IJSS Vol 3 No. 2

July – Dec 2016


The International Journal of Systems and Society has been developed from the Systemist, which was the main publication of the UK Systems Society for more than 30 years. Although since linking with IGI the IJSS reaches a much wider readership now thanks to IGI’s extensive marketing reach. Never the less it is still intended to be the core journal for the UKSS membership. To that end when changes are taking place within the UKSS the IJSS is one means of communicating important events to members. We are implementing a number of changes and we have included in this edition a report, which details the changes that are taking place. The report also summarises the first of the new ventures, the Systems Forum, that is part of our new look. This report follows the refereed publications.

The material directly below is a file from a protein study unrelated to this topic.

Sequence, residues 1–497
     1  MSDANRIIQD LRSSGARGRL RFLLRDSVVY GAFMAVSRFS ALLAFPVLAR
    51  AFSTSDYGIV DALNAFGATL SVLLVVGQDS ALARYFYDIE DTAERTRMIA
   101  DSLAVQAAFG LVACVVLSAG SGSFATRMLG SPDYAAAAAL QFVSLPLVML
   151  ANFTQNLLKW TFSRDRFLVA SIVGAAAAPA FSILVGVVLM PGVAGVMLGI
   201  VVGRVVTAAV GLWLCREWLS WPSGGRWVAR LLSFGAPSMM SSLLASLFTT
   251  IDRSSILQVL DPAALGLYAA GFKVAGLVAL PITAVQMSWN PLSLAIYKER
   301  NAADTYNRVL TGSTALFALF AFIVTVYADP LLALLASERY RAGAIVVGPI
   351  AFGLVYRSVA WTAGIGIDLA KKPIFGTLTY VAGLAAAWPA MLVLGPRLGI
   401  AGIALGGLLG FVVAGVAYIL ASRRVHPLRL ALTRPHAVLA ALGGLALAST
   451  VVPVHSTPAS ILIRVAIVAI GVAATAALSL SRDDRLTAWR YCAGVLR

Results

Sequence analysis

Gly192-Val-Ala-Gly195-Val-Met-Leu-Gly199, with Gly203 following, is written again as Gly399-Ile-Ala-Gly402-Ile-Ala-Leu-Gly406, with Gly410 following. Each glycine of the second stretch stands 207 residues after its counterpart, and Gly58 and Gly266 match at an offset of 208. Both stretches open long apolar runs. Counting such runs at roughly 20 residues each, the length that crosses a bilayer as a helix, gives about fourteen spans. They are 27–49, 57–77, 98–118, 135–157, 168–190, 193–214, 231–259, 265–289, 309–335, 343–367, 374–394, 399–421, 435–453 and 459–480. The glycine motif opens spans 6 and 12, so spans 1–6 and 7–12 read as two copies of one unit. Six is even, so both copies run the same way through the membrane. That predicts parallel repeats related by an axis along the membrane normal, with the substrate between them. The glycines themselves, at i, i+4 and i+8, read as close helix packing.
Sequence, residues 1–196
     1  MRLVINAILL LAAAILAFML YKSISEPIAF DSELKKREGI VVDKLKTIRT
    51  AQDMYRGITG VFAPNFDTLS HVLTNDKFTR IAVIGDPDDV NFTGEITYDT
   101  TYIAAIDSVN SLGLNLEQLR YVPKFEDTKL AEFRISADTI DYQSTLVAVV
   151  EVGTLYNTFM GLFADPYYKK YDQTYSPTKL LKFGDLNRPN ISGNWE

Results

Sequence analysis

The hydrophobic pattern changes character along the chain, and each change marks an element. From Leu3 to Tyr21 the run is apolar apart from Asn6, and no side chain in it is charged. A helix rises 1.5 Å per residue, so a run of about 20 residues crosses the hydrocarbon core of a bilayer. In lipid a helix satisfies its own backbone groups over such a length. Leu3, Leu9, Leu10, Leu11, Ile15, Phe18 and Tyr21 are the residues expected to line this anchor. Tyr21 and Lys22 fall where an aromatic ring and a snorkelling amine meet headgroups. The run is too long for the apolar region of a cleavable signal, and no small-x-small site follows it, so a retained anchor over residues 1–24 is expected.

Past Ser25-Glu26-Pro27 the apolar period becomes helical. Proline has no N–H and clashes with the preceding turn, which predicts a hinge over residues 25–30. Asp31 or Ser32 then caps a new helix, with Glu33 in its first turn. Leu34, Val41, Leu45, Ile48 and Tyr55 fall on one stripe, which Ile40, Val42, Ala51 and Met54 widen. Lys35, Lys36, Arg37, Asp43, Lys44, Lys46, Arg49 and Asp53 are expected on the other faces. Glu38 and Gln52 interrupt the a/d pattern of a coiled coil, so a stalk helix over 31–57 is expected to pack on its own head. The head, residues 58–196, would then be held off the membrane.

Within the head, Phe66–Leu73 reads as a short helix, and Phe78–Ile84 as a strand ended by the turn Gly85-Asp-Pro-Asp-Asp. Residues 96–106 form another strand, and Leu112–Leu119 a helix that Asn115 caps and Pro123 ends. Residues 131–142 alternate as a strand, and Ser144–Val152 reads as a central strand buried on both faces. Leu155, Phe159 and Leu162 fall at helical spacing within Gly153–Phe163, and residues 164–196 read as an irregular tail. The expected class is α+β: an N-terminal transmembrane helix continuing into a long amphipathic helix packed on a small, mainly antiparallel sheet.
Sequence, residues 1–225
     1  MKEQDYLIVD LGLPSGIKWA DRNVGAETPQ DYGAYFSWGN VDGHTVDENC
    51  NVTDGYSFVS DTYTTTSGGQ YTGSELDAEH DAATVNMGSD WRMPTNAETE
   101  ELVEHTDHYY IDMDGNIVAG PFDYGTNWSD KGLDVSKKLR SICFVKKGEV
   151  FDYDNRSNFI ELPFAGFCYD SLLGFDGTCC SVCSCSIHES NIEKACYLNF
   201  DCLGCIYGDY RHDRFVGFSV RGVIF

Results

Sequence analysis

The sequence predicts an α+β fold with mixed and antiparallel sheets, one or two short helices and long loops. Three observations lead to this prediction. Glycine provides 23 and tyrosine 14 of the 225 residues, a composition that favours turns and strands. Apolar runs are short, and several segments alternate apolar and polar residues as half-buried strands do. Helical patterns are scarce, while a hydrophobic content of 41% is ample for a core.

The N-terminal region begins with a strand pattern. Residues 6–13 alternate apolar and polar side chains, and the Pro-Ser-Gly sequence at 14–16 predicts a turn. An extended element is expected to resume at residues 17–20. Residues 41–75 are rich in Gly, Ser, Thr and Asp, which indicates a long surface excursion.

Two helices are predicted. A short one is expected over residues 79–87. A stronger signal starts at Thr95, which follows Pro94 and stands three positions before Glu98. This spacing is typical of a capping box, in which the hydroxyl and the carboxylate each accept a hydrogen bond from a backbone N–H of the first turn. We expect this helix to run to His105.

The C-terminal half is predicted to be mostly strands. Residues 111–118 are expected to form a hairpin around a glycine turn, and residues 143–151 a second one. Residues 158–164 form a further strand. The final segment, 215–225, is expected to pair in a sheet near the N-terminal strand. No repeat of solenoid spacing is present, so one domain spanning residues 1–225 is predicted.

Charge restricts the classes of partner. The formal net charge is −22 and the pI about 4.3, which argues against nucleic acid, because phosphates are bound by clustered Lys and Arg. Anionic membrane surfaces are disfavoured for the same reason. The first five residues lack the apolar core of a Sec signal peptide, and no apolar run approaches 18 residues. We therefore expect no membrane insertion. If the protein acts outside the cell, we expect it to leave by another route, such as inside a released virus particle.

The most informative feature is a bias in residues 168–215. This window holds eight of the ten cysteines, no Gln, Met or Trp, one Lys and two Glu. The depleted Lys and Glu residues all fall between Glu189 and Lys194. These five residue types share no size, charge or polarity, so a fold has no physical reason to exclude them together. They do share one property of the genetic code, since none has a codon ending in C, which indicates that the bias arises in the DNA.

As a systems community, we are aware that all closed systems tend to entropy. An open System can delay/avoid this by accepting useful inputs from its environment. If we consider the UKSS to be an open System we must continue to make changes if we are to survive. The society has existed for more than 40 years and during that time has undergone many changes in an attempt to maintain its relationship with its environment. But modern technology has introduced new challenges for us to consider. New ways of communicating is easy, ubiquitous and is the default method of communicating for many of us; there are now virtual conferences; online forums and open source portals for publications and many more ways of making connections than when the Society began. Whereas conferences and conference proceedings were a major source of ‘finding out’ about developments taking place in the respective community many of these have been replaced with various forms of digital communication. As with all areas of common interest the systems community can exchange ideas quickly and effectively through modern communications. There are many competing factors that societies have to confront. These include operating costs, the increasing cost of conference venues, the effects of funding policies in higher education and elsewhere. Like many societies such as the UKSS we have now reached the crossroads. For this reason, we have changed the way that the society operates and interacts with its membership in order to maintain our role as a source of Systems expertise and knowledge. Key changes include the following: